The Reason Dry Heat Is Detrimental When Canning

Of all the various types of food preservation, canning has to be the one with the broadest appeal. There are three main methods of canning that research and experience have shown to be the safest and most effective. There's the hot water bath, the atmospheric steamer, and the pressure canner. They all use moist heat to get a proper seal on the canning jar. There is, however, a fourth type of canning known as dry canning that, while simple in theory, is actually detrimental.

Dry canning is a method by which low-moisture foods like legumes, pasta, and rice are preserved in jars by using the dry heat of an oven. The filled jars are heated in the oven for a period of time before clean lids go on. The heat is meant to form a seal between the lid and jar, preventing any contaminants from getting inside.

Though the method seems sound enough, there are certain drawbacks. Chief among these is the fact that canning jars are simply not designed to withstand dry heat. The heat can cause hairline fractures in the glass. With repeated use, those fractures will grow larger and eventually cause the jar to break. This is far from the only detriment, however. Even though it might sound counterintuitive, dry heat can actually introduce unwanted moisture into the canning environment, too.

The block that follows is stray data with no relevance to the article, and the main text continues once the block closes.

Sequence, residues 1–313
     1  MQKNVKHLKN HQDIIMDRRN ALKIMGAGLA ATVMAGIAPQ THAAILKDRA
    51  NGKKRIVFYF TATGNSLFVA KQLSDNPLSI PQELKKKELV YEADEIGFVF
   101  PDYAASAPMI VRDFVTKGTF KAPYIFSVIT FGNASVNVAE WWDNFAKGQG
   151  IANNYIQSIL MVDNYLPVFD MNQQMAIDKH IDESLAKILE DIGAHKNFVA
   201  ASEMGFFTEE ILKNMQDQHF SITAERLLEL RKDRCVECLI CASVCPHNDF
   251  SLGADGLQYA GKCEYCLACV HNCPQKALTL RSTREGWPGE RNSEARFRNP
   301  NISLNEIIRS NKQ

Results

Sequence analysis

Moisture and mold problems

Though all food contains water, dry goods like flour or pasta have far less than, say, tomatoes. But, moisture is present nonetheless. The irony is that the heat from dry canning activates the moisture and draws it out from within the food. The hope is that all of the moisture will evaporate. However, any moisture that doesn't fully evaporate will leave behind small, moist cavities in which bacteria can thrive once the jar is sealed. And, the last thing you want in canned goods is bacteria, as it can lead to serious health and food safety concerns

The heat also plays a role in shortening the food's shelf life, which is the exact the opposite of what canning is meant to do. The dry heat messes with the proteins and fats in the food by increasing their temperature past the point where they're safe and stable. The more you heat and cool food, the more the protein and fat temperatures change, and the faster the food will go bad if not consumed within a short period. You could end up wasting more food than you save in the long run.

Better methods to achieve the same goal as dry canning include vacuum sealing, freeze drying, or using an oxygen absorber. These methods are more expensive than dry canning but, when it comes to food safety, you're better off spending a little extra than having to worry about bacteria and mold.